I am part of the NZ CP Clinical Network, a quality improvement program that aims to provide clinical leadership in the development and maintenance of a nation-wide clinical service for children and youth who seek services and support for CP care. This work is led by the CPS and the Paediatric Society of NZ and its success is heavily dependent on this close partnership to ensure there is a strong linkage with families, children and adults living with CP. The work includes progressing in areas such as, detection and early intervention, improving transition between youth and adult services, exploring the potential for NZ based SDR surgery and intensive therapy opportunities. I see this work as crucial for improving and progressing the way people with CP are supported in NZ and ultimately with optimising outcomes and quality of life.

I have been a nurse for over 25 years and in the last 15 years I have worked mainly in health management. I have a Masters in Health Management with first class honours. Previously I worked as the Charge Nurse Manager for the Paediatric Orthopaedic service at Starship Children’s Hospital where many children with CP came through the service. This allowed me to gain insight into the challenges and barriers that families living with CP face. In my current Clinical Nurse Specialist role, I facilitate a quality improvement program across three hospitals within Waitemata DHB. The program focuses on capturing the patient’s experience of care received, which is used as a driver for quality improvements to care delivery.

Like many parents of children with CP, I have dedicated a lot of time and energy into navigating the health and education systems in order to optimise outcomes for my daughter. This, along with my professional experience, has given me a good understanding of systemic structures across government services in NZ for our children living with CP. I have a strong desire to use my skills, knowledge and experience to help make a difference to improving the lives of all people living with CP and to help navigate our society into a strong position of advocacy and leadership in health, wellbeing and inclusion.


Reuben WoodsBoard Member

Kia ora koutou, I have been a corporate solicitor for over 20 years working in New Zealand and London, and a partner at global law firm DLA Piper for approx. 10 years.  I have a teenage daughter (Phoebe) and 6 year old identical twin boys (Nico and Quinn), one of whom has CP.  My partner is a medical doctor which helps our whanau to navigate and understand the various treatments and therapies available to Nico and also the inner workings of our public health system.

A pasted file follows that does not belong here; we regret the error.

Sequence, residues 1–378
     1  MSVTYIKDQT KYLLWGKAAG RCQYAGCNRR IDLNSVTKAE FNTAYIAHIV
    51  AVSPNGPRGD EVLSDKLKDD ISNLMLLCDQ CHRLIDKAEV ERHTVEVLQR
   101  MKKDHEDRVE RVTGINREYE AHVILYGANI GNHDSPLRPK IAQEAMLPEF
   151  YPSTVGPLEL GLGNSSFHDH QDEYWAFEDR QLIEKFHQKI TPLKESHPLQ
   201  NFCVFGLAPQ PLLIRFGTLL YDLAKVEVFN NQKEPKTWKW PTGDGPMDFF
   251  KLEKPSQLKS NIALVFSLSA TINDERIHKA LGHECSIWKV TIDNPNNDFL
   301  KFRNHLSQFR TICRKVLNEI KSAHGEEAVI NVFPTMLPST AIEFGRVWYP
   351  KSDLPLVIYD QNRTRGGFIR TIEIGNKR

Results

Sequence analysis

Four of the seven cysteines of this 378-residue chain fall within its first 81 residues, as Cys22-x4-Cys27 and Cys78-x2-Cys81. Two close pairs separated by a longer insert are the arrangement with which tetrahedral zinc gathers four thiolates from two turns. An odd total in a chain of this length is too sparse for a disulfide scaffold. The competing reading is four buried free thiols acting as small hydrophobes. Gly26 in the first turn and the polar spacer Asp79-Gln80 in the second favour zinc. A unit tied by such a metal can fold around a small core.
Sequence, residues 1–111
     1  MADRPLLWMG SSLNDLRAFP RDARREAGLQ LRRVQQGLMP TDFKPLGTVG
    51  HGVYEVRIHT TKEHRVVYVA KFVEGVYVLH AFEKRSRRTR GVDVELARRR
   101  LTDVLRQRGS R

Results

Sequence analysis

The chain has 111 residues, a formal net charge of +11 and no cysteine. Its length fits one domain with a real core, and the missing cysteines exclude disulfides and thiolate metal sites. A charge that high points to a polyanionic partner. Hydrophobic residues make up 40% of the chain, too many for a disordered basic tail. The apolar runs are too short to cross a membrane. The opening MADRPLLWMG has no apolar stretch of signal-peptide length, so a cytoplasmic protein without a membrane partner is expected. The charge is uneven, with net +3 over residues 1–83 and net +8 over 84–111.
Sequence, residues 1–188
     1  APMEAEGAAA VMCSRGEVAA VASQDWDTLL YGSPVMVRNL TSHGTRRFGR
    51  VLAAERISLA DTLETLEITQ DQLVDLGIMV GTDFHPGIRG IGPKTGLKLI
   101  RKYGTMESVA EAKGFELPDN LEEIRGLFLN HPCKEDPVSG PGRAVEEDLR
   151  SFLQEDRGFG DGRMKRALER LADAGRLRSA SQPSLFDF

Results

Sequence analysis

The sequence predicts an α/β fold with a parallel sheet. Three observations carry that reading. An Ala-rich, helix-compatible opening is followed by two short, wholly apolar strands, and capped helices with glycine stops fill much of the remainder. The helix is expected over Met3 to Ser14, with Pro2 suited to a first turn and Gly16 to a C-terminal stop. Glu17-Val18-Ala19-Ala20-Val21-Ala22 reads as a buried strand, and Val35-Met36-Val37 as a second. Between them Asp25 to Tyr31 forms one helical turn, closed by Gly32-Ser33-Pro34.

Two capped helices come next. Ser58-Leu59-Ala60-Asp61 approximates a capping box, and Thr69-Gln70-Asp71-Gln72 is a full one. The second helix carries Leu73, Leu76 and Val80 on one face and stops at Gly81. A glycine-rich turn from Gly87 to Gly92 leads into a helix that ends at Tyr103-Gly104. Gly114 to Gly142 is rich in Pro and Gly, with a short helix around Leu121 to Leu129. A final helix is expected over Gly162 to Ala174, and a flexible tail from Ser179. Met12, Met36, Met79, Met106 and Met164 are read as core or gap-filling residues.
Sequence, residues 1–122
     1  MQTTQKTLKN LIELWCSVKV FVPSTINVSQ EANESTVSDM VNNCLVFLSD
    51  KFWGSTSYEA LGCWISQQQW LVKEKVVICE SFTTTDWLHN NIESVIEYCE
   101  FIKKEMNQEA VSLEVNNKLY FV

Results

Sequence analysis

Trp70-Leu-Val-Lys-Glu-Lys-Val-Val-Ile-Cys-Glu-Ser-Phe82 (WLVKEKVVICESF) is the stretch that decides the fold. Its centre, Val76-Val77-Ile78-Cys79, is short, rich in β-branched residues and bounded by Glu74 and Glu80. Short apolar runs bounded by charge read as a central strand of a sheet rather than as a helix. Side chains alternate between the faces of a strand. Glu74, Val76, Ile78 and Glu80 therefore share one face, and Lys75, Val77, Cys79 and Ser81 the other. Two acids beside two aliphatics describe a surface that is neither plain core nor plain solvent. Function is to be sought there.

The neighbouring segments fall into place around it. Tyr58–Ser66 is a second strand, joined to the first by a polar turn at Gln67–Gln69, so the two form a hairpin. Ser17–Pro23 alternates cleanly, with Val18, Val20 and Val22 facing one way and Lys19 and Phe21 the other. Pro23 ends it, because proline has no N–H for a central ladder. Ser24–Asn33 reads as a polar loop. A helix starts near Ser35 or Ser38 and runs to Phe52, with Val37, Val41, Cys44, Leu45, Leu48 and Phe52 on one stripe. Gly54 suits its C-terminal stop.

My work involves advising corporates, private equity investors and others on acquiring companies and businesses, capital raising, restructuring and governance.   I also have governance experience having sat on the board of a not-for-profit regional sports trust for over a decade. I believe that there is great strength and innovation that can be derived from diversity in decision making, and I am heavily involved in my law firm’s Diversity & Inclusion programme and chair our ethnic diversity committee.  I am convinced that there is some real talent in our membership that I would to see the CP Society identify and harness, where possible.

The CP Society is an entity of real substance that can make a positive impact on the lives of members and I believe it must be governed professionally, responsibly and transparently. 

I (and my children) proudly whakapapa to Kai Tahu.  I used to be obsessed with surfing but nowadays enjoy spending my spare time with my kids and partner. 


Anthony Smith Board Member

I have had the privilege of being on the CP Society Board since 2014 and in that time, have been proud to be part of shifting the Society towards being more strategically focused as well as having an improved operational structure. In addition to my role on the CP Society Board, I have also been a Director for Cerebral Investments Limited (CIL) since its inception in 2015.   CIL is an entity of CPS which is charged with maximizing a portion of the Society’s capital fund through growth investments.  Having a daughter with CP I bring a hands-on knowledge of the reality of how cerebral palsy impacts both a person and their family, as well as a valuable perspective on many of the challenges facing the disability sector more broadly. In this capacity, I have been involved in Conductive Education early childhood and school-aged programs, as well as lobbying at a central government level for young people with CP within the education sector. I have also had many years of dealing with ACC and other government agencies. I enjoy seeing those affected by CP making choices for themselves and taking charge of their own lives. Outside of my Board position at CPS, I have a range of business interests and enjoy farming and getting out on the road on my motorbike or going off-road by bike or 4-wheel driving.


To contact the Board please email them at board@cpsociety.org.nz